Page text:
Clients need a plan.

A plan that sends the right message to your client's reviewers and their prospective customers lurking behind the scenes. Because that's what your customers want. By coming to your client they're making an admission of sorts. They're admitting that your client can do things they can't (or won't) do for themselves.

They're admitting they need help.

When customers receive amazing help and top notch service they leave a positive review. When they don't receive that, they leave a negative review.

Obvious, no?

Here's the part that's not so obvious.

Your clients should be focused on three specific types of customers.

(a.) the misguided - customers who have their facts or their information wrong (b.) the legitimately unhappy - customers who paid for your product or service then had something go wrong and (c.) agreeable or happy customers - those who are willing to vouch for you, your product or service.

The majority of your responses will fall in to one of these three categories.

What about the others?

· Toxics. This includes the sadists, ragers, abusers, and manipulators. People in this category want to take without giving.

· Liars. Maybe they're customers, maybe they're not. These people are looking for a way to serve their interests. That interest could be hurting your business, angling for free product or generating attention/pity for themselves.

· Policticizers. This includes social justice warriors, internet mobs and groups of disaffected people with loyalties elsewhere. If your client's staff, customers or associates make a political faux pas you could be target for the angry.

How do you respond to each of these?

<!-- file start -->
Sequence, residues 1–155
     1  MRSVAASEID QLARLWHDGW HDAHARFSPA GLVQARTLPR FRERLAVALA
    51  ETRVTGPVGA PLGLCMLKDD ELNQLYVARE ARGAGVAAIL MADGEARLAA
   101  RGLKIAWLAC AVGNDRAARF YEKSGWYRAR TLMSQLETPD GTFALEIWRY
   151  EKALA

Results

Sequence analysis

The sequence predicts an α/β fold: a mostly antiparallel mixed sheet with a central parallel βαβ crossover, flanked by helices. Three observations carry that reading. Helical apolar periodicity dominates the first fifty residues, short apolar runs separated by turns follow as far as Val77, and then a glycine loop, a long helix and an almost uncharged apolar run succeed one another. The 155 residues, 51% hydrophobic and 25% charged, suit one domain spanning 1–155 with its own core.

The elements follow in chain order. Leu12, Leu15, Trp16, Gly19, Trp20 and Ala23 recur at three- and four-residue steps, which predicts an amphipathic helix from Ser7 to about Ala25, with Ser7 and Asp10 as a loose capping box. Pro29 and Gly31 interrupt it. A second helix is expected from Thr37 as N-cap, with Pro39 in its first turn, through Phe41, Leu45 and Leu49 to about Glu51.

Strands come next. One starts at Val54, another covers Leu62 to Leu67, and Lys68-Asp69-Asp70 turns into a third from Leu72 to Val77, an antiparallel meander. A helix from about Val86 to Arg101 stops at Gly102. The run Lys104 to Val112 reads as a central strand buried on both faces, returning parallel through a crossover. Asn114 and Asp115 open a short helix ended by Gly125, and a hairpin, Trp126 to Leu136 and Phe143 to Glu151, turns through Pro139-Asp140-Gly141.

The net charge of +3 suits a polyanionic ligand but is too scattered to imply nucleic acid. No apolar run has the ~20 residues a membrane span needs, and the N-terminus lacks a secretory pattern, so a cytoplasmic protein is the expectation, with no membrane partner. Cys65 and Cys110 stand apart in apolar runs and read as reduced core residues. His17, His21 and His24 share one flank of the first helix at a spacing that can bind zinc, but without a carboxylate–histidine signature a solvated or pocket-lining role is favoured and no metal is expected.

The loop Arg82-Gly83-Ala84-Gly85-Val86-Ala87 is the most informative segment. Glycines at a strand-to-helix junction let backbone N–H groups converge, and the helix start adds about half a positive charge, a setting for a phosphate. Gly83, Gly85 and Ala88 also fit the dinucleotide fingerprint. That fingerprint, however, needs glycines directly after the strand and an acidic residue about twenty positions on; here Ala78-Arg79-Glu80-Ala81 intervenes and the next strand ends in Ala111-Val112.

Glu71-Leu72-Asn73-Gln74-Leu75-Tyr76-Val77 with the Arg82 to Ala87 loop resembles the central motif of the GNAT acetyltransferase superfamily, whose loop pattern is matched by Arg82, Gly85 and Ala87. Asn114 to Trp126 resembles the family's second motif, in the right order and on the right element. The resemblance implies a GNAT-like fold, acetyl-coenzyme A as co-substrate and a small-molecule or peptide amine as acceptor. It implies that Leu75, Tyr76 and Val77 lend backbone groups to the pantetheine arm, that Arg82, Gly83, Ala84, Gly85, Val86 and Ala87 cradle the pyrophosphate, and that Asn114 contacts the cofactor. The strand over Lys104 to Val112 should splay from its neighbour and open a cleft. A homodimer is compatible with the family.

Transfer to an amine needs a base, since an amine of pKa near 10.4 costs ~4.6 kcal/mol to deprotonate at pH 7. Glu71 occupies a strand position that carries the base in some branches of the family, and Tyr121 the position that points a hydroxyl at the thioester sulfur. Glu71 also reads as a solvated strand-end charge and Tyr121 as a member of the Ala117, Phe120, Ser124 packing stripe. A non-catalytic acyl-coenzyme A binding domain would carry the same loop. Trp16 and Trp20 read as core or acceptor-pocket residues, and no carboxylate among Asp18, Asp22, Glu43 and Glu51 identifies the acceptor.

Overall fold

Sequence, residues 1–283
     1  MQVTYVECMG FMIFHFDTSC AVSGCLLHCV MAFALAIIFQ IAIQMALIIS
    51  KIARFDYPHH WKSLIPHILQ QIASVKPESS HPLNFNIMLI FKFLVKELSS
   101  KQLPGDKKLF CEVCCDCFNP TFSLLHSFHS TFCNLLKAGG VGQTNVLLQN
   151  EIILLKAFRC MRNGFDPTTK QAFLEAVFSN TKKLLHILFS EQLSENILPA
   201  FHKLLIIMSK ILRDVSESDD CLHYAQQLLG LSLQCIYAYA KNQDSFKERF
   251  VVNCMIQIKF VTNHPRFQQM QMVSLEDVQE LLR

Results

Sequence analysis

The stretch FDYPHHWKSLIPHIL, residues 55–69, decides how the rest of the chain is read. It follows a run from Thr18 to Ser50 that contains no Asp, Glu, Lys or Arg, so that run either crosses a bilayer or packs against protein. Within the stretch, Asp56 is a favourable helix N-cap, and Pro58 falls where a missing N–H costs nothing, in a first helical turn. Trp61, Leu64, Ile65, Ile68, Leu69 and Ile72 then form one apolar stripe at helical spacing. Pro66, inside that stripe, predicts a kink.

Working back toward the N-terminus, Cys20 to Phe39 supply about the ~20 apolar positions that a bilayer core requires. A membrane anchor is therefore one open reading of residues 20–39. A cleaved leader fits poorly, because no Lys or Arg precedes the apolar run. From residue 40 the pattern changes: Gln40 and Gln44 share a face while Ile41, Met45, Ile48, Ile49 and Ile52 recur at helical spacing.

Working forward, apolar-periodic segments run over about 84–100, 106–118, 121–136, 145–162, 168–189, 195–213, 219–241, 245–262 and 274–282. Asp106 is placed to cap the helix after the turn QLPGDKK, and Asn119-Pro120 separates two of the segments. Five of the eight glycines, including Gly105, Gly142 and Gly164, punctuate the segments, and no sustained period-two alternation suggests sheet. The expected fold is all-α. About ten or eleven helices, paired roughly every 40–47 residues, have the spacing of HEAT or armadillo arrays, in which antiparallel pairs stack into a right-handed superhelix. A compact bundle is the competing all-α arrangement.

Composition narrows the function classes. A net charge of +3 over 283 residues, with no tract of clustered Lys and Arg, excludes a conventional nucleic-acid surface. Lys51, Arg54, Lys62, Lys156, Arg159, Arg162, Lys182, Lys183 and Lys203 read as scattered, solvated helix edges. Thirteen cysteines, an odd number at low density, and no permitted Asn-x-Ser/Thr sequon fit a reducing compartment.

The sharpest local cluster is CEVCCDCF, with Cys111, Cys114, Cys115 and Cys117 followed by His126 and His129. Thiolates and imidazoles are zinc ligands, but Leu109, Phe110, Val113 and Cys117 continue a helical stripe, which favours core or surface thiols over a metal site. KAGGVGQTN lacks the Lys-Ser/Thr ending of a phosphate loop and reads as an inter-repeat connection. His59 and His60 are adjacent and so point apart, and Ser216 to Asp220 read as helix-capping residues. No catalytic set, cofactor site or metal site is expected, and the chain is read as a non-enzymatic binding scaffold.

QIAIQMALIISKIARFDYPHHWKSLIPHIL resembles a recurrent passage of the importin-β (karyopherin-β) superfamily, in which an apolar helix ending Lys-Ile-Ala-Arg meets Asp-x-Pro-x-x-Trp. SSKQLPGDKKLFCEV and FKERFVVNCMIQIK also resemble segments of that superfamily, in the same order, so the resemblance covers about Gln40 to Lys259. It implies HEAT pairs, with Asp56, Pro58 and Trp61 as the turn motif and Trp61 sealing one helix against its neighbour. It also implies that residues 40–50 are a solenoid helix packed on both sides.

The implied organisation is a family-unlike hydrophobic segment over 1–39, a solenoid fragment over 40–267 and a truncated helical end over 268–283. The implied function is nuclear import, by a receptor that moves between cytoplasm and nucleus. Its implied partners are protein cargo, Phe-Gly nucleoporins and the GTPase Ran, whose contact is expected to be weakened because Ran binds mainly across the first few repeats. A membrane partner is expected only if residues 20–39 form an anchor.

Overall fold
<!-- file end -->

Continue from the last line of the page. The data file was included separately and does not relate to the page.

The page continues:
You ignore toxics and politicizers. You ignore liars if the untruths they share are ridiculous or absurd. If their lie will do credible harm to your client's business have them respond with a factual account. Supply evidence and details to validate your claim and falsify theirs.

This leaves your review mainstays.

Do you know how to respond to reviews?

Seems like an obvious question, doesn't it?

And that's the problem.

Your client can't respond to their mainstays the same way. If they're looking to increase their conversion rates their approach has to change. So how do you respond to each one?

Let's break it down.

Unhappy Customers

Your customers are unhappy for a reason.

Maybe it was your fault. Maybe it wasn't. There's really only one response these customers want from your client. It's some variation of...

"I'm sorry, here's how I'll fix it."

Here's where things get even more complicated. I'm sorry isn't universal. Your customers aren't looking for any 'ole sorry. They're looking for a "specific" sorry. Alright... how many 'sorrys' are there? Well... there's the...

· Sorry not sorry e.g. I'm sorry you weren't able to enjoy our product as intended. When your clients offer these 'apologies' to their customers, they're viewed as an insincere non-apology. Which is exactly what they are. It's viewed by customers as an attempt to get the benefits of an apology without giving the appropriate dues in return.